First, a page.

In every organization, there are people who have formal and informal authority. The folks with formal authority are fairly easy to spot. They usually have the biggest office, fanciest clothes, and sit at the head of the table. Spotting the ones with informal authority can be a little trickier. Sometimes they are more vocal and aggressive. Other times they are silently controlling the tides from behind the scenes in your organization. Either way, it’s one of your key responsibilities as a change agent to identify these people and leverage their influence to drive change. Here are a few techniques you could use to make this happen:
1) Build a solid business case for the change you wish to ensue. You can do this with your internal resources or leverage outside help. Make sure you cover all the most important bases, especially those that closely align with your core business values. Also, your business case needs to be data-driven including identified risks, costs, benefits, and key milestones to implementation. Also, your business case needs to be formatted in an easily palatable story so that anyone can quickly understand what you have in mind.
2) Identify the opinion leaders in your organization. This includes the boss in the corner office, the tenured machine operator whom everyone highly respects, the aggressive manager, or the Admin Support whom everyone loves. Pay attention to who everyone waits to speak in meetings and then tend to just go along with. Also identify the more vocal employees who put off the vibe that they’re not playing the same game as everyone else.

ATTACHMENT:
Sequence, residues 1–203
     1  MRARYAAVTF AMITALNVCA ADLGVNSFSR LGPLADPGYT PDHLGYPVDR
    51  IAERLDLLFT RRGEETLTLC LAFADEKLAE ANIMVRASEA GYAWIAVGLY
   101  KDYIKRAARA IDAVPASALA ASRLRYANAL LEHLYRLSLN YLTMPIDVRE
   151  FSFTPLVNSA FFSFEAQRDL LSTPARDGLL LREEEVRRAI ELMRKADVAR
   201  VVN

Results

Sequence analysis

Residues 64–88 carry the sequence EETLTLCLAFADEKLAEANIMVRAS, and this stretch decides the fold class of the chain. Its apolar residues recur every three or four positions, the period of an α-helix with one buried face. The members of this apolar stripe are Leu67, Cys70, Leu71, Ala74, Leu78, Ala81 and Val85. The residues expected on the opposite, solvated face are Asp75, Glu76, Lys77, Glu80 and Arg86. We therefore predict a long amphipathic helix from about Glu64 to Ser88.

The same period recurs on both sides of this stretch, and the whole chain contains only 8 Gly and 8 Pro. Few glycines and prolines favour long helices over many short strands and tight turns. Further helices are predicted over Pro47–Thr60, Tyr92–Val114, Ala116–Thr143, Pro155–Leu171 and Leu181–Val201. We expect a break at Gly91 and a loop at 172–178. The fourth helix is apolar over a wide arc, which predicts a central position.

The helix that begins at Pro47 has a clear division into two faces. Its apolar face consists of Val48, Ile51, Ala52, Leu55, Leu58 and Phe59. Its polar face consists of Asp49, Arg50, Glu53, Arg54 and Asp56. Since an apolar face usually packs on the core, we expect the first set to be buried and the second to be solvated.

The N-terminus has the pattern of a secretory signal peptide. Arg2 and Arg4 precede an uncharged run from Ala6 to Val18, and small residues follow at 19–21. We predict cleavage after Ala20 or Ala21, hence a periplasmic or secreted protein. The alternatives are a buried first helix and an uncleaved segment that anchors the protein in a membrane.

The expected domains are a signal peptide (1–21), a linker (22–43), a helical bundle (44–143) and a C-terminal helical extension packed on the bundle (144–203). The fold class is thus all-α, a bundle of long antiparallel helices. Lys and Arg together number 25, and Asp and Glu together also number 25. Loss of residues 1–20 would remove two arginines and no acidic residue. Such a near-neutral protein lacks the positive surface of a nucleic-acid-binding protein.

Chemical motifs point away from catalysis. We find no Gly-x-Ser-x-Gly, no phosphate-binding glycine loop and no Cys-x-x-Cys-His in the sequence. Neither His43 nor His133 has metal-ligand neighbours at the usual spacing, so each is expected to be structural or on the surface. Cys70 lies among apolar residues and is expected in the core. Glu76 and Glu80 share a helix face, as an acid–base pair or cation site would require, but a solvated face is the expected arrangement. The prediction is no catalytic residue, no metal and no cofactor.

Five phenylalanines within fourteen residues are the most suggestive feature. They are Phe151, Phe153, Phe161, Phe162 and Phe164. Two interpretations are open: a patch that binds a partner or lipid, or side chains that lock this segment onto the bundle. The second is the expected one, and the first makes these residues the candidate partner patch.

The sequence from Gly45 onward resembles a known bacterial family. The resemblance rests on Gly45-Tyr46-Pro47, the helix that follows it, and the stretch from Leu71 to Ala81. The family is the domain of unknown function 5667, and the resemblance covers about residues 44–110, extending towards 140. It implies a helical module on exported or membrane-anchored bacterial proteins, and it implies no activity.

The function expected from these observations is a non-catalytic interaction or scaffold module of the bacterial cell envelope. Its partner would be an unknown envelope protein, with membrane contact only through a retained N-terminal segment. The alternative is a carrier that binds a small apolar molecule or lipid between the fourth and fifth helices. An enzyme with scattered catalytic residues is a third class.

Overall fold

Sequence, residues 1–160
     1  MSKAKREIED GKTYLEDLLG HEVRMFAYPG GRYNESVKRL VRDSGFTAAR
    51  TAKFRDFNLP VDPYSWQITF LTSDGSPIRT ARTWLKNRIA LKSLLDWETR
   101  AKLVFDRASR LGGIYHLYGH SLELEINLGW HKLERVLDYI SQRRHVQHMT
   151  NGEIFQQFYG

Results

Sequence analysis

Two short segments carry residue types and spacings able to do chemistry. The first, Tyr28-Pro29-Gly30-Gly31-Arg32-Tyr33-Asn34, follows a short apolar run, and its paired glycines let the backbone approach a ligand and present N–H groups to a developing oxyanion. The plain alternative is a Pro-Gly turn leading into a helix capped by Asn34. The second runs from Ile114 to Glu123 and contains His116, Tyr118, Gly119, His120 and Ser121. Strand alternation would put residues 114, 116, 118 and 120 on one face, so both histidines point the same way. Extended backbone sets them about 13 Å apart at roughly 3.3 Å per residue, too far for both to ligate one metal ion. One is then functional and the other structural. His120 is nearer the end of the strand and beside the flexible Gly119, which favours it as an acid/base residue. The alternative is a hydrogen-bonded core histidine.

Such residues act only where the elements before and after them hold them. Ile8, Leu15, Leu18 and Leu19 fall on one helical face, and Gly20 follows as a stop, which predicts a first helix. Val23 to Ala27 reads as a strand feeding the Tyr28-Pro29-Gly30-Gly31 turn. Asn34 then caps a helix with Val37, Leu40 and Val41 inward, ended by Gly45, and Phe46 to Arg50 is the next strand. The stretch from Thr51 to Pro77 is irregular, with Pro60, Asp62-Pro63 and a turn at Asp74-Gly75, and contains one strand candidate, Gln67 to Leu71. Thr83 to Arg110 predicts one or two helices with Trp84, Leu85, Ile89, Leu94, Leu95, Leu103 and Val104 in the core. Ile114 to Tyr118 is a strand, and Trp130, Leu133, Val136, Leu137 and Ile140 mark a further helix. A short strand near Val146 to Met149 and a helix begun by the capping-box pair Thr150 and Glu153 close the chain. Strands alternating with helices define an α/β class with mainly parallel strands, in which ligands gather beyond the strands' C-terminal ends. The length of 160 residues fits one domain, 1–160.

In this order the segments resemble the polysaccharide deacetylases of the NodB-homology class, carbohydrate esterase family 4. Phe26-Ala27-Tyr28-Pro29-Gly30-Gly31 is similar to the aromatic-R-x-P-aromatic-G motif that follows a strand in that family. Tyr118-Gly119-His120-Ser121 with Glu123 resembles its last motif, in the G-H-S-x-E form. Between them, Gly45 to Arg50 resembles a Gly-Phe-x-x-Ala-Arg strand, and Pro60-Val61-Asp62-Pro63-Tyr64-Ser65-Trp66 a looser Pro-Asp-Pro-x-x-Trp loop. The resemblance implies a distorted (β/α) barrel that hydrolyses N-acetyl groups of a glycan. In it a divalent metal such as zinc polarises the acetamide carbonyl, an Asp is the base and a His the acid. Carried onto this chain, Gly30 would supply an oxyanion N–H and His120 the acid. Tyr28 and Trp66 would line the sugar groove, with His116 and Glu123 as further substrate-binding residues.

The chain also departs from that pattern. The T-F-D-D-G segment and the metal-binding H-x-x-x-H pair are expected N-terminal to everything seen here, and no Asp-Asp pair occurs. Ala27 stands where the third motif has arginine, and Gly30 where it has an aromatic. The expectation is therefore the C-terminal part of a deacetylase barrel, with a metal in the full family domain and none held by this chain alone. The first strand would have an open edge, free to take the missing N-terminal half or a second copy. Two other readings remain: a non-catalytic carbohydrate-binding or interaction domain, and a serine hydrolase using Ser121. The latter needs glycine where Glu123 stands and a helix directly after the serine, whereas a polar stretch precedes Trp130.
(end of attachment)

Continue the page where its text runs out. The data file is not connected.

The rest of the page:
3) Get the opinion leaders on board with your idea before anyone else even hears about it. Opinion leaders value their position (of either formal or informal authority) over almost all other things, and you should too. The last thing they want is to have someone else (the change agent in this case) encroaching on their territory. By befriending and giving the opinion leaders a stake in the change you are pursuing, you gain powerful allies in the initiative. By not acknowledging them, you gain powerful enemies.
4) Deliver on your part of the deal. Opinion leaders usually expect something from you in return for their support for your initiative. They might want you to speed up the process for getting a nagging maintenance issue fixed or help resolve some other ongoing conflict they’ve been having. They may just want assurance that their place in the new kingdom is safe. Either way, you’re going to have to help them with that issue in exchange for their full cooperation. And they’ll probably want their issue resolved in short order.
Once you’ve successfully executed on these steps, then you’ve paved the way for smooth implementation. Miss any of these critical steps and you’ll be swimming upstream for a long time before any relief arrives.
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